Apologies are in order for a slowdown lately on the blogging trail, I've had a bit of a health setback this past week that got me frankly wigged out for a few days. It must be said, I wig out real easy. But I'm on the mend again.
One of the things I resort to when I am wigging out (mostly over bodily symptoms), is to channel stuff from my old diaries. However it works, this seems to maximize my cosmic connection and usually offers scintillating revelations. Something I ran into this week that got my attention was the following question:
What do you hold strong opinions about that you know nothing about? (This has to be a Rorschach in disguise.)
In my case, the answer is obvious: it is my health. The strong opinion I hold about my health, for better or worse, is that I know more about my health than anybody else, medical personnel included. Going against the medical paradigm in our society is one of the hardest things you can do.
On that note, I will share with you some of my recent diary revelations:
Falling sick is like being captured and sold into slavery.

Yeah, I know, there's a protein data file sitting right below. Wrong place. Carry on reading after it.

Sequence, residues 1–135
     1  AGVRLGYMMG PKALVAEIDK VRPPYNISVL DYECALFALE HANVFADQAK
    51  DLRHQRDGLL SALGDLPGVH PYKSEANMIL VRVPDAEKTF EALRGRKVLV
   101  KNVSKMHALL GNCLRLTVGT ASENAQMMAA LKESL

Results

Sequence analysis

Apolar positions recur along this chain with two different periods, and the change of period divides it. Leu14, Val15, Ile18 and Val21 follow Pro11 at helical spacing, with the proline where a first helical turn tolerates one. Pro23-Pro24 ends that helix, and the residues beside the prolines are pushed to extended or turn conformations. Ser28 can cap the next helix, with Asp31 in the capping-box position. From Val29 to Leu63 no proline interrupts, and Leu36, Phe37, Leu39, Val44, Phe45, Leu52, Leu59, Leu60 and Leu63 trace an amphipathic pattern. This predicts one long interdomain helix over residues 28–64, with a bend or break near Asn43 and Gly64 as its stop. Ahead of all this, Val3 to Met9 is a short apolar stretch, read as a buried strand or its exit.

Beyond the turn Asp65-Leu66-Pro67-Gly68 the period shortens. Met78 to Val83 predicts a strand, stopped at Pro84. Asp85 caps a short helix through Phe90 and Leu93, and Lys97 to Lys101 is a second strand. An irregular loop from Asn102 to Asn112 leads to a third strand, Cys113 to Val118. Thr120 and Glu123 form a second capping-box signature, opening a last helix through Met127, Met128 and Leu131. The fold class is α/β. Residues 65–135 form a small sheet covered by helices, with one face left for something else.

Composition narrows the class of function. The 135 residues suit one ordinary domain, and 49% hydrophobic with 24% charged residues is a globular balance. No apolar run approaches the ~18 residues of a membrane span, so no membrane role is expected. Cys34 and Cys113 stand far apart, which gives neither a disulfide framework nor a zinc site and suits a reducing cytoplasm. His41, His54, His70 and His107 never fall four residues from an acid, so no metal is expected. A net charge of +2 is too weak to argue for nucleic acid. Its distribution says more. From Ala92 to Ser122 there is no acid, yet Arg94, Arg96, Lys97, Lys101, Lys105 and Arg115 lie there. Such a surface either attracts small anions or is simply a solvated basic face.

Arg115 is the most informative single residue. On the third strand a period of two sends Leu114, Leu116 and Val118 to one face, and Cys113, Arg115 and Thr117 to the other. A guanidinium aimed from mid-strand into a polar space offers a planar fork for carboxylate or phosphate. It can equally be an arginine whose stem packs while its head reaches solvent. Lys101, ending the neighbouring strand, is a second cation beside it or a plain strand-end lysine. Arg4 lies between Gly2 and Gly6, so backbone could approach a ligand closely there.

Our minds can heal us and they can slay us.
The loss of a sense of safety can be more devastating and frightening than the event itself.
The freeze response to a traumatic threat produces a biochemical blast throught the system. Once launched, this red alert response is hard to turn off.
Hypervigilance of symptoms takes up enormous cognitive space.
Learn not to jump into that chain reaction.
Say "lilacs" instead of checking out symptoms. Become stronger than your saboteur. There are times when you just have to stand in your own truth.
Ivan Illich says that diagnoses (by catscans, sonograms, etc.) always intensify stress, define incapacity, focuses on uncertainty, and makes one dependent on future medical findings. All of it requires submission to the authority of specialized personnel. How a thing is named shapes how it is perceived, and labels ratify control. They may even acquire "prophetic" powers.
Virgil and I discussed all this at some length during my crisis. And we both came down on the side of Teddy Roosevelt. Diagnosed with chronic asthma in his early twenties, Roosevelt was told by doctors that he had a bad heart and should not climb stairs.
Instead he climbed the Matterhorn.
He could never admit to frailty in himself and did not want the public to know of his illnesses. It didn't fit his self-image.